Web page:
The Future and Emerging Technologies (FET) draft work programme (as part of Horizon 2020) is now published and it contains the almost final version of the calls to be announced officially 2013-12-11. Global Systems Science is there under “FETPROACTIVE1” with a prel. budget of 10M EUR and an application deadline of 2014-04-01.
Martin Elsman from HIPERFIT (@DIKU.dk) will present GSS meets Programming Languages and Systems in the workshop on GSS Languages, 2013-06-11.
Abstract In this talk, we demonstrate how functional programming and domain specific languages, in particular, can be useful for effectively deriving performance efficient programs and systems. As an example, we outline a system for specifying financial contracts (used in practice by the financial industry) and demonstrate the effect of applying programming language technology to derive tools for pricing contracts efficiently on modern parallel hardware. We argue that research in managing and querying big data and efficiently performing big computations (simulations), as for instance carried out by the HIPERFIT research center, is a central ingredient of the development of a Global Systems Science.
Abstract Policies govern and constrain a system’s behavior, and as such specify mappings from complex situation descriptions to decisions (or at least sets of options to support human decision making). The perfect languages for expressing such mappings should enjoy a number of features, including: clarity and conciseness, explainability, formal verifiability, and the ability of adapting to an enormous number of possible event combinations. The same requirements arise in the restricted domain of security policies. In this talk, the experience gathered in this field will be reported with the purpose of identifying the most effective languages for policy formulation.
As part of the GSS conference in June, I’m chairing a workshop on “Formal Languages and Integrated Problem Solving procedures in GSS”. It is one of five parallel workshops on “Knowledge Technologies for GSS” on Tuesday 2013-06-11: 11.00 – 13.00. I’ve created a wiki-page with some more details about the workshop:
So far it contains the text below, but it will be completed within a few days.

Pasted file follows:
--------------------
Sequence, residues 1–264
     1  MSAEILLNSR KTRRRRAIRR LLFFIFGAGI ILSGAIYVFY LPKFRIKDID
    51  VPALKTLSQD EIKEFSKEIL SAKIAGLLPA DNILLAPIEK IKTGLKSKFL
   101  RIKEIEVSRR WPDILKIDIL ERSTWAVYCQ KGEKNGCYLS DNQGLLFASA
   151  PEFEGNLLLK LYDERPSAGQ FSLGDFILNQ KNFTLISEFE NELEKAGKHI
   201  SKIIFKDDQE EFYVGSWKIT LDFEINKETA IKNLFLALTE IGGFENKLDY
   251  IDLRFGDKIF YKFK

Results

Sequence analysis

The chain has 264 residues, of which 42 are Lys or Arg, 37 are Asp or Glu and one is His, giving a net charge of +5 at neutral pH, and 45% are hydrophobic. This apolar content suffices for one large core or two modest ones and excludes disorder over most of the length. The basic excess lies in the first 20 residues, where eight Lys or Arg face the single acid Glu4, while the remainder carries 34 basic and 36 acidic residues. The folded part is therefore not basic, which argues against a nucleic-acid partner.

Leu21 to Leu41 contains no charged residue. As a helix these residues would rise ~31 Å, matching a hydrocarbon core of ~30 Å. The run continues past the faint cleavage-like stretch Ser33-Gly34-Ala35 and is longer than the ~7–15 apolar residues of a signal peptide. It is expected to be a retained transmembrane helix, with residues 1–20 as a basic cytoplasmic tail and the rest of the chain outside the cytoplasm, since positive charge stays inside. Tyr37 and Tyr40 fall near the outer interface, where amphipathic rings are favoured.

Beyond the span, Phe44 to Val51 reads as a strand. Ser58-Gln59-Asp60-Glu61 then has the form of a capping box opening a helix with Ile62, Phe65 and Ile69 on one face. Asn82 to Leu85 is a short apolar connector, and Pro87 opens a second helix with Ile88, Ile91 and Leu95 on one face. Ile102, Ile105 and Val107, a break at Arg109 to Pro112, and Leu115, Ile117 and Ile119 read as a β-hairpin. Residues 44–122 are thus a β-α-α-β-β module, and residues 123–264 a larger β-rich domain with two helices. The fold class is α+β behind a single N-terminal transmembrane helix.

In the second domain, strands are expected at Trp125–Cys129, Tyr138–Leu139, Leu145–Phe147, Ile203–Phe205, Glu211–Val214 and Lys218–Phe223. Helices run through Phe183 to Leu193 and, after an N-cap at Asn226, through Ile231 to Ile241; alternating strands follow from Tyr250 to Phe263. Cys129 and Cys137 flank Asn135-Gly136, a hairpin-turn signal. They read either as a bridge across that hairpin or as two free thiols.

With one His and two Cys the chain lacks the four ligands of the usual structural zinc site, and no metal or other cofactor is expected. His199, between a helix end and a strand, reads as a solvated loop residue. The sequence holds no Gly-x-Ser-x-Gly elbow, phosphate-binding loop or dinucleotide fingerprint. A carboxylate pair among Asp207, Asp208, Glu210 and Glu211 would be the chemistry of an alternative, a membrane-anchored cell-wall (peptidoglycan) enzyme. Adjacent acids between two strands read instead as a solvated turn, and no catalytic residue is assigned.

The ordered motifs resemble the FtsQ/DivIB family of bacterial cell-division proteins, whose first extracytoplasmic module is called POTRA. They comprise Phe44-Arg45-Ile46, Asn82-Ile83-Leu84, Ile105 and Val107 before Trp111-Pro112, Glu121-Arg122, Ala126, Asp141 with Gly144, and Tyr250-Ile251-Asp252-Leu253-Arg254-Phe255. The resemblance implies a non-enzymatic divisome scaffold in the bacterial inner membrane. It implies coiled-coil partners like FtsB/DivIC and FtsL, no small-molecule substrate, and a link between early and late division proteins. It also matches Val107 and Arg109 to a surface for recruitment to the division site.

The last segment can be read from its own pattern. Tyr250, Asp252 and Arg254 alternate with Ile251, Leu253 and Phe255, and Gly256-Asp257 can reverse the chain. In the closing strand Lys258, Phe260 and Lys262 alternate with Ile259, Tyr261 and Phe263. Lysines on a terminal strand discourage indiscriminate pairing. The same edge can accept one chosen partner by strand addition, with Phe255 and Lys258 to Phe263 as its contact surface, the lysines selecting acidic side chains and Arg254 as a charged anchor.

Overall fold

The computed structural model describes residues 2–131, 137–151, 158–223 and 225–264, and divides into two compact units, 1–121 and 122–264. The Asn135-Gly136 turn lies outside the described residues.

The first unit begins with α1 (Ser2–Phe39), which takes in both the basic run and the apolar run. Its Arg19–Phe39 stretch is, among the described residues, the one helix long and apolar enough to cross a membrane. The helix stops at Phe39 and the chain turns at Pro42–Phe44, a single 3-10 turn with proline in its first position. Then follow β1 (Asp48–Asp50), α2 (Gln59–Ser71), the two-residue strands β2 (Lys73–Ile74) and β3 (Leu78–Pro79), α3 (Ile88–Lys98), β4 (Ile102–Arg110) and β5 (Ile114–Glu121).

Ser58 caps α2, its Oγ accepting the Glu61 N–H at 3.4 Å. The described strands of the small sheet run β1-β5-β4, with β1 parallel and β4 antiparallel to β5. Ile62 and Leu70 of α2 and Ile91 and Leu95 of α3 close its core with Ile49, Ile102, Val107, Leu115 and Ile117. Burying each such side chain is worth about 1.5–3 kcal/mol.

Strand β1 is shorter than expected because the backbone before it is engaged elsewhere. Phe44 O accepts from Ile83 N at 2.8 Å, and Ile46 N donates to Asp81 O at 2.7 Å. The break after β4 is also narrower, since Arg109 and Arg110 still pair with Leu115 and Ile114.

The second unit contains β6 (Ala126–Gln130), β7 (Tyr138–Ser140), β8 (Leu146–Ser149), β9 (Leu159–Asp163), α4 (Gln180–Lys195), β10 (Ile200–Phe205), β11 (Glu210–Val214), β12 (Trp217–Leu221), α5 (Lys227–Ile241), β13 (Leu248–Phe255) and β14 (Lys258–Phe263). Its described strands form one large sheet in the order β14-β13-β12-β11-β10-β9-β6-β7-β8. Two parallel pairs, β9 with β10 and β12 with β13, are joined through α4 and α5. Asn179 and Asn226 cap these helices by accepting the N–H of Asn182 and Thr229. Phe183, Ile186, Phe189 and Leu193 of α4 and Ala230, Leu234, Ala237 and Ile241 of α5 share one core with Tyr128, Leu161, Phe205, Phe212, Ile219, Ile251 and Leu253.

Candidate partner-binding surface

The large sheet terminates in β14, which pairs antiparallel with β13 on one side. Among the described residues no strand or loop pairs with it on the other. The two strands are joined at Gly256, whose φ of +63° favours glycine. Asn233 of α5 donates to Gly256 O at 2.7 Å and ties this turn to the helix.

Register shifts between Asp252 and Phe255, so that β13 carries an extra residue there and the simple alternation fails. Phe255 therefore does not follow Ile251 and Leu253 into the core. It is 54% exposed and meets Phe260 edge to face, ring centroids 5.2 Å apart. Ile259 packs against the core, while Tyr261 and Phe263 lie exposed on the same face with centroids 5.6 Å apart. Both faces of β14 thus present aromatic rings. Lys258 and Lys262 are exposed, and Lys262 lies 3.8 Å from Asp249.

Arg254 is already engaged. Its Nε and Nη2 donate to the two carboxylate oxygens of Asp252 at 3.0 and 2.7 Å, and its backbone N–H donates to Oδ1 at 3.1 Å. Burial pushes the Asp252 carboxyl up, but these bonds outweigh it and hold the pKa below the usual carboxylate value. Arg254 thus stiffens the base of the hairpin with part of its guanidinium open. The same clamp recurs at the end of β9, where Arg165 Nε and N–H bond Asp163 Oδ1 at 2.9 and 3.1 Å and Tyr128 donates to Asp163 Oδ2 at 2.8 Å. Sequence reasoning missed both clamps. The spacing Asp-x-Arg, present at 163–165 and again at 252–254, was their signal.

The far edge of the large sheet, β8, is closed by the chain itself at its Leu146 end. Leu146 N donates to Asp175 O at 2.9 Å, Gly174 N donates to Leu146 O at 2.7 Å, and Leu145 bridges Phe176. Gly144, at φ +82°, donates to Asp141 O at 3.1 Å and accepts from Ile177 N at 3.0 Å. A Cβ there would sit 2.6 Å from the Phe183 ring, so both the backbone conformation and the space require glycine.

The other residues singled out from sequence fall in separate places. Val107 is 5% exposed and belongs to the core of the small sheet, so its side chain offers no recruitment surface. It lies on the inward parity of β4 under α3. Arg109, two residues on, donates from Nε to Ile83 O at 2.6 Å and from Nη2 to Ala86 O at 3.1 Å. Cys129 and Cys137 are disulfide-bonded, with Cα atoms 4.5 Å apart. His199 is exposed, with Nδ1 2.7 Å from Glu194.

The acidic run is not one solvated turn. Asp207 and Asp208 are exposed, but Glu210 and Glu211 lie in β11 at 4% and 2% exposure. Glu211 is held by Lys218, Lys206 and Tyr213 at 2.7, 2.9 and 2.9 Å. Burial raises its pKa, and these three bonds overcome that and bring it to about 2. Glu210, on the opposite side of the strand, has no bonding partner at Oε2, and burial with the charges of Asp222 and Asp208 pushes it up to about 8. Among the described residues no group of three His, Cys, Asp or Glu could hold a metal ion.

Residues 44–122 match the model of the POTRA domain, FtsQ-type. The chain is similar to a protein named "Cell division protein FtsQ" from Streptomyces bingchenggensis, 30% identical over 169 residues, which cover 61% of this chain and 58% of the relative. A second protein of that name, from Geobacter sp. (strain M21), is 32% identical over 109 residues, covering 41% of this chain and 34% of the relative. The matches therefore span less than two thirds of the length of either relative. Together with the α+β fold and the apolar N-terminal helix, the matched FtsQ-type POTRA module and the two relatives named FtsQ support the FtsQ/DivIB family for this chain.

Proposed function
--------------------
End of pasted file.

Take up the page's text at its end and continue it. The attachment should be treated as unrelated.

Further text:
Global Systems Science (GSS) is about developing systems, theories, languages and tools for computer-aided policy making with potentially global implications. The focus of this workshop is the interaction between core computer science, software engineering and GSS. Topics covered include
- Languages for policy formulation and enforcement
- Software as a key to productivity and innovation in industry and academia
- Domain Specific Languages for Financial IT
We will also touch upon
- Dependable modelling
- Verification and Validation of Simulation Models
Speaker: Piero Bonatti
Title: Languages for policy formulation and enforcement
Abstract: Policies govern and constrain a system’s behavior, and as such specify mappings from complex situation descriptions to decisions (or at least sets of options to support human decision making). The perfect languages for expressing such mappings should enjoy a number of features, including: clarity and conciseness, explainability, formal verifiability, and the ability of adapting to an enormous number of possible event combinations. The same requirements arise in the restricted domain of security policies. In this talk, the experience gathered in this field will be reported with the purpose of identifying the most effective languages for policy formulation.
Speaker: Martin Elsman, HIPERFIT, DIKU, Denmark
Patrik Jansson and Tünde Fülöp have written a short position paper on sustainable energy education and research.
Sustainable access to energy for a growing population is a global challenge. Our society is dependent on a stable supply of energy; industry (including agriculture, mining, manufacturing and construction), transport and heating can only work if sufficient energy is available. Over 80% of the current global use of energy is based on fossil fuels: oil, coal and gas. In addition to the potentially devastating climate effects of burning two billion years of stored hydrocarbons within a century, fossil fuels will eventually run out and we will be left with less than one fifth of the current energy supply which will clearly not be enough. Thus the energy system of the world will have to change dramatically to replace the fossil fuels with existing and new sustainable sources. This is a major global challenge for mankind.
But it is not only a technological challenge; there are also important political dimensions: we need international agreements, a stable economy and a long-term view (over several decades). The kind of global restructuring needed requires local as well as international agreements. Already now we are facing tensions due to the uneven distribution of energy production (mainly “mining” of oil, coal and gas) and consumption. Access to strategically important regions is causing conflicts and as fossil fuels run scarce, increasing prices may lead to increasing tension. Even if we disregard open conflicts, the sheer size of the energy sector makes it a major force in the global economy and with the uneven distribution of producers and consumers this force is destabilizing. The transformation towards sustainable energy solutions will take decades, so a major political challenge is long-term commitment (over several elections). In democracies this requires a voting population which is aware of the energy problem and willing to support the transition. Policymakers around the world, and their voters, need access to comprehensible and trustworthy information about potential energy sources and ways to change our strong dependence on energy.